Can spring ever come too soon? I’ve been so busy worrying about it being way too warm for the grapevines under my care that I’ve semi-forgotten to pay attention to the lusciousness of my own garden. There are still several weeks of possible frost ahead, and I know that a bud break in the grapes before frost is ruled out for the year could be disastrous. In my own garden, I’m not as sure.
This is my first year with this garden, and my first time gardening in this climate zone, so almost everything here was planted by someone else, someone who knew what was normal here, and many years ago at that. Now, with a warming climate, all bets are off. These hellebores are happily blooming when they should, in early March, and so I’m not fretting over them.
Perhaps these filbert catkins, so ethereally lovely, can cope. This tree looks to have been planted about when the house was built, in 1955, so who knows how many early and late springs it’s seen. It’s ancient, though, and I feel protective toward it.
But this indomitable tulip is surely confused. Last fall I buried its home in rock, not knowing there were bulbs underneath. And now it, and several more like it, have banged their heads through the stones, getting to the surface and the warmth they’d normally have found next month.
And not only is the forsythia at the height of its golden gorgeousness, so too are the roses leafing out. They say that you should prune roses when the forsythia blooms, which is definitely now, but then, what if it freezes?
I’m not worried about these guys, because I don’t know what they are or what their habits should be. I’m just happy to see their true blue every time I pull into the driveway, where they’ve come out just as the snowdrops have faded.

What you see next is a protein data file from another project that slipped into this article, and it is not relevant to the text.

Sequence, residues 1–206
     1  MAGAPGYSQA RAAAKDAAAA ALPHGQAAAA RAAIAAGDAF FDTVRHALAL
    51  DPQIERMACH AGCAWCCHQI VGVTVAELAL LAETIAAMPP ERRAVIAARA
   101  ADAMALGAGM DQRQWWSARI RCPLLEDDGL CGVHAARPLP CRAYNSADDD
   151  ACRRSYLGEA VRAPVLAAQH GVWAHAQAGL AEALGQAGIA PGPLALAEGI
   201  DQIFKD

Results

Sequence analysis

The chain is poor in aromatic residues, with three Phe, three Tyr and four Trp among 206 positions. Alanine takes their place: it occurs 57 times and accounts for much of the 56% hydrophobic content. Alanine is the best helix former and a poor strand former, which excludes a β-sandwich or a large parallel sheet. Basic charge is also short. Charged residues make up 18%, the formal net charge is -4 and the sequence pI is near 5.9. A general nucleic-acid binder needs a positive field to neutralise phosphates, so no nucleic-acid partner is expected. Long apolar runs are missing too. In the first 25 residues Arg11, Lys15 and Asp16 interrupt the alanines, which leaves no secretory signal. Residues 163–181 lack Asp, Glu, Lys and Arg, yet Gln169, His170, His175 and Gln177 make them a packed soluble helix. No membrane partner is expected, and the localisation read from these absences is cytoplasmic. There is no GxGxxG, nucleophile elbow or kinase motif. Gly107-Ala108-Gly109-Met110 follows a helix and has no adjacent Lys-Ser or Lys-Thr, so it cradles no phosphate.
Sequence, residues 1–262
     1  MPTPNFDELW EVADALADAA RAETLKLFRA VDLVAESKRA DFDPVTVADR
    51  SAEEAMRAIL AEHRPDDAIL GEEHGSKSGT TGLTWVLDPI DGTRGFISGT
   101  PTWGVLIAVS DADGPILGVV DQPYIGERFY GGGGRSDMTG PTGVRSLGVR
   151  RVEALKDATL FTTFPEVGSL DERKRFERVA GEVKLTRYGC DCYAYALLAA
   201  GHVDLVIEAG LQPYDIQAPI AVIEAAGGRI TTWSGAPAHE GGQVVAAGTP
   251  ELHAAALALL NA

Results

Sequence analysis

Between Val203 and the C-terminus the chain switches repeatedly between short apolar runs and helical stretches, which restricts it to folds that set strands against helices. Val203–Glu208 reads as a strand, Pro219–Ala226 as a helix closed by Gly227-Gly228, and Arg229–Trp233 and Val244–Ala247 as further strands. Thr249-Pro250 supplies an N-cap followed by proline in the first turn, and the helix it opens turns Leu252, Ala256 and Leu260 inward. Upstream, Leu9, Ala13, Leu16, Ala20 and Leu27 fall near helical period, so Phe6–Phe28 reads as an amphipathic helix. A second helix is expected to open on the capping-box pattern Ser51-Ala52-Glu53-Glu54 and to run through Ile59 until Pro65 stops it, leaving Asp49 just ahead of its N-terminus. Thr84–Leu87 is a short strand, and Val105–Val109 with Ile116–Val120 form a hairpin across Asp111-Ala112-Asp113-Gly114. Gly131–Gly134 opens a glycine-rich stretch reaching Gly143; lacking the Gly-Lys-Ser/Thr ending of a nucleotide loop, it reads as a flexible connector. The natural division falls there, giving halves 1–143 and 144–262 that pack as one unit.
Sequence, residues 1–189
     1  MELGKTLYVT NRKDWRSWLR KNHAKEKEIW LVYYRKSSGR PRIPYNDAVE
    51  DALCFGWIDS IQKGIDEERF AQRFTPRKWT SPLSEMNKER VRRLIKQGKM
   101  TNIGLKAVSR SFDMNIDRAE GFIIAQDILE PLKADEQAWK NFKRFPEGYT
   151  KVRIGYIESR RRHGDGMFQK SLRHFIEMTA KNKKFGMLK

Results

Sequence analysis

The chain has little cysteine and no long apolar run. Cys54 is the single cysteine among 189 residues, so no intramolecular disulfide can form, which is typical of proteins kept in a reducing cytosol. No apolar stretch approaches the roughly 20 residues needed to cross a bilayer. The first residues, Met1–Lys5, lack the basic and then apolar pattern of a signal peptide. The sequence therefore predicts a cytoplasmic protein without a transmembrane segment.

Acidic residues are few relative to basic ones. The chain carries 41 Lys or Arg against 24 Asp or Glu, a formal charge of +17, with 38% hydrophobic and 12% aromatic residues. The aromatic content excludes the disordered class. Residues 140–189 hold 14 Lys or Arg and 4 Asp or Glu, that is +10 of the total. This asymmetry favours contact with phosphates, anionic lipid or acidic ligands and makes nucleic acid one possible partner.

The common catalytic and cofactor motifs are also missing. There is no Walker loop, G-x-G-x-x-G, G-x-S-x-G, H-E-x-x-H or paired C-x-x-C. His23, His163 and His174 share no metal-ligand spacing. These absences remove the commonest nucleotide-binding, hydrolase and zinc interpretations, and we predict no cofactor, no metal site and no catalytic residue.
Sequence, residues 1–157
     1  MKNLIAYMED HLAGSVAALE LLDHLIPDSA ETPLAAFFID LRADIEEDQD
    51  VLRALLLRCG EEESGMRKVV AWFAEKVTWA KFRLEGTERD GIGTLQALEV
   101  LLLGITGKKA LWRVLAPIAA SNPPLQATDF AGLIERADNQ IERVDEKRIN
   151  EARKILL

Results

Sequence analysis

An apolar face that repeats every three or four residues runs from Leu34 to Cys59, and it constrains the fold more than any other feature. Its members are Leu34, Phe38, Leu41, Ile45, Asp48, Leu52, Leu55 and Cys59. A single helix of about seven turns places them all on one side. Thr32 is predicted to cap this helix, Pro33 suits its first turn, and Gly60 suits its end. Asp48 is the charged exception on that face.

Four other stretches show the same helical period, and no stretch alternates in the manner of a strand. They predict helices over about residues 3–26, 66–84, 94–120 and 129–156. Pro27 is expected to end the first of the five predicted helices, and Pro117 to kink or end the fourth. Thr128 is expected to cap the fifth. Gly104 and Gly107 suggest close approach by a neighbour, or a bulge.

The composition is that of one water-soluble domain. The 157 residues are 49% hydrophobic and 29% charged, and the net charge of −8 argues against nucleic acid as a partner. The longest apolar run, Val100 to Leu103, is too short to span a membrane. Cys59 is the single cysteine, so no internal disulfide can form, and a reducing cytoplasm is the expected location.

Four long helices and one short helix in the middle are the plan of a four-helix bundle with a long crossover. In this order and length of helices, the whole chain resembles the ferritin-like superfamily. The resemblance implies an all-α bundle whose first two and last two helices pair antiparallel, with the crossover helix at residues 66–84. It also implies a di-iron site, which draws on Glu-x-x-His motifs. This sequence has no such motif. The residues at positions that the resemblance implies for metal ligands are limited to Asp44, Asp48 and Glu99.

Nor am I worried about my scruffy, scrappy lawn, which is full of violets. My Plants professor thinks of them as weeds that should be banished from the grass, but I love them. They look like little bright Easter eggs, peeking through the unruly grass. Last night’s high wind brought down a small branch of the weeping birch, but I’m not worried about the tree either. It’s another one that’s probably stood as long as the house has, and knows how to take care of itself.
But in truth it’s hard to know when to worry and when to just admire what the world has to offer. The consequences of a freeze here in my sweet little spot wouldn’t be dire, unlike the vineyard, where crop yields could suffer mightily if the climate doesn’t cooperate. And that’s another lesson that’s not in my official curriculum – life as a farmer is uncertain, fraught with perils and powers that you can’t control. All you can do is keep your eye on the sky and hope for the best, while doing what little you can to help nature along. Wait, am I talking about farming, or life?